LifeWay Bible Studies for Life Series for November 22: Watch your language

LifeWay Bible Studies for Life Series for November 22: Watch your language focuses on James 3:1-18.

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What you say reveals what you are; your speech sheds great light on your relationship with God. James uses the term “tongue” to mean our patterns of speech and indicates the vast importance of what we say and how we speak. When our spiritual side controls, we speak helpful, up building and constructive words. When our unspiritual side controls, we utter destructive, unkind, harmful words that do not fit with our Christian natures. Christians should guard their speech because our words have tremendous power for good and for evil.

The tongue can speak words that encourage the desperate, comfort the distressed, correct the wandering, gladden the despondent, enable the servers, inform the mistaken, strengthen the weak, assure the anxious, build up the doubtful and embolden the timid. On the other hand, the tongue can speak words that shatter joy, overturn confidence, disrupt relationships, contribute to doubt and produce distress. God intends positive speech. Fresh and foul water do not flow from the same source.

Watch your language because words have awesome power (James 3:1-6)

James may allude to the problem of false teachers as he advises against many aspiring to become teachers. He shows God holds teachers to a higher standard or responsibility, perhaps because of their positions of leadership. James moves immediately from his warning to teachers to a more general warning. Showing the pervasive nature of wrong speech, he declares “we all stumble” (make mistakes, go wrong or slip).

Anyone who does not make mistakes when speaking demonstrates a mature relationship with God. Such people have power to control his/her entire body, that is, his/her entire life. James proceeds to use three illustrations to demonstrate how small things can control large powers—small bits guide large horses, small rudders steer great ships, a small fire ignites an entire forest.

The diminutive tongue produces great power. First, the tongue is a destructive fire consuming everything in its path and has the power of devastating harm. Second, the tongue is the catalyst for bringing many kinds of evil in the world (a world of evil). Third, unwholesome speech corrupts, pollutes and stains the entire life. Fourth, the tongue corrupts the entire life path of the person. Fifth, the tongue has this great power because it is set on fire by Hell, by Satan himself.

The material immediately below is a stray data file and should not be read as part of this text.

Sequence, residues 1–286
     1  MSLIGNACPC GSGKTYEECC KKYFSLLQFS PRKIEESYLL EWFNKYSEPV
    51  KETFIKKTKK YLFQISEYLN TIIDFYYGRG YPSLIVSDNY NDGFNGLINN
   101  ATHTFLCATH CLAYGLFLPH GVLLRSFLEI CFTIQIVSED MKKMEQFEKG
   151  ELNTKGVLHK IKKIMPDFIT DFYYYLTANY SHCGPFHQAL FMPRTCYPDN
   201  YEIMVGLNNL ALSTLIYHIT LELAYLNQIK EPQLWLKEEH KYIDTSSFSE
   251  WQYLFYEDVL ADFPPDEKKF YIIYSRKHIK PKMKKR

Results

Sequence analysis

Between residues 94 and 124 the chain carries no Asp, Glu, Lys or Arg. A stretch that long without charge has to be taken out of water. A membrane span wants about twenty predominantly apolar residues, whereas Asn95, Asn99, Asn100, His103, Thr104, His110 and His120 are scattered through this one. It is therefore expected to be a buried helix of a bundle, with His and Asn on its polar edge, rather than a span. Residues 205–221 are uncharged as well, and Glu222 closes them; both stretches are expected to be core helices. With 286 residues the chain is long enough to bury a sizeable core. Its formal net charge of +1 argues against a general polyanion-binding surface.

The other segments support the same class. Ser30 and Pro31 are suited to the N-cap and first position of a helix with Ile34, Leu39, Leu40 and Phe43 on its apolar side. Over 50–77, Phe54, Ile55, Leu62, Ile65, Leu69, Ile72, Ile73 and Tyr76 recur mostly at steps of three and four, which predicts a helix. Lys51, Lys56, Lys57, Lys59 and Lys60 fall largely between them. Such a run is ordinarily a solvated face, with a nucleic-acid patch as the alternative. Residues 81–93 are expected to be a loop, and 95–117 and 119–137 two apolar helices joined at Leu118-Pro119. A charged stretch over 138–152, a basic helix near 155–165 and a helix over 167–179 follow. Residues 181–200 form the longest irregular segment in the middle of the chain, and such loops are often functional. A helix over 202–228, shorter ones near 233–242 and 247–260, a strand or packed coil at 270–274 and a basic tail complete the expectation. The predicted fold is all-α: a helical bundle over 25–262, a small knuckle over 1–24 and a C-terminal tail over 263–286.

As the wrongful use of the tongue results in devastating harm, the correct use of the tongue has equally beneficial results.

Watch your language because words produce both good and evil consequences (James 3:7-12)

All creatures have been brought under control (tamed); no person, however, has completely tamed the tongue. The tongue remains an intractable evil, an evil incapable of being quieted.  The tongue is charged with deadly poison; it causes immense harm. How many lives have been blighted by the sin of gossip; how many persons directed in wrong passages by corrupt advice; how many controversies ignited by unwise or misdirected words?

James declares no one can tame the tongue. This teaching should be understood as no human in human power can control his/her speech. God can, however, empower by his implanted word (1:21) to use the tongue in beneficial ways. In verses 13-18, James points to how God’s wisdom is available for properly using the tongue.

James insists the tongue often produces great evil but quickly points out it can bring great good. Speech can praise God; it can curse other people. This dual nature of speech should not be. A spring cannot produce both bitter water and sweet water. A fig tree cannot produce olives and grapes. A good heart and mind will not produce harmful, disruptive, hurting speech. Christians must strive to speak so their words will produce the good and beneficial results.

Watch your language because God will provide wisdom for the proper use of speech (James 3:13-18)

 Good words contribute; evil words devastate. James points to those who bridle the tongue and speak so as to bless and help. The wise and understanding will demonstrate by their good behavior and conduct that they live by the gentleness of wisdom.  These people working through humility and apart from human pride and selfishness produce peace and unity among believers.

Such wisdom does not come from the world. Worldly “wisdom” is earth-bound, sensual and demonic. This worldly “wisdom” springs from bitter envy and selfish ambition. Such people care only about themselves and respond only to their own corrupted desires. To those infected by these sinful actions, James advises them to not be arrogant or prideful and speak in defiance of the truth.

Rather, James instructs us to accept the wisdom from above that God provides. God’s wisdom is pure (unmixed with impure motives or moral impurity), peace-loving (avoids factions and disagreements by willingly yields to others), gentle and compliant (filled with compassion and kind actions) and free of partiality or favoritism. The behavior that lacks God’s wisdom speaks words that produce envying and party spirit and cause confusion and disharmony (v. 16). God’s wisdom guides to speech that produces good works and peace.

The words of Christians are important. Words used according to leading of God’s wisdom promote unity among God’s kingdom. Watch your language; it shows your relationship with God.


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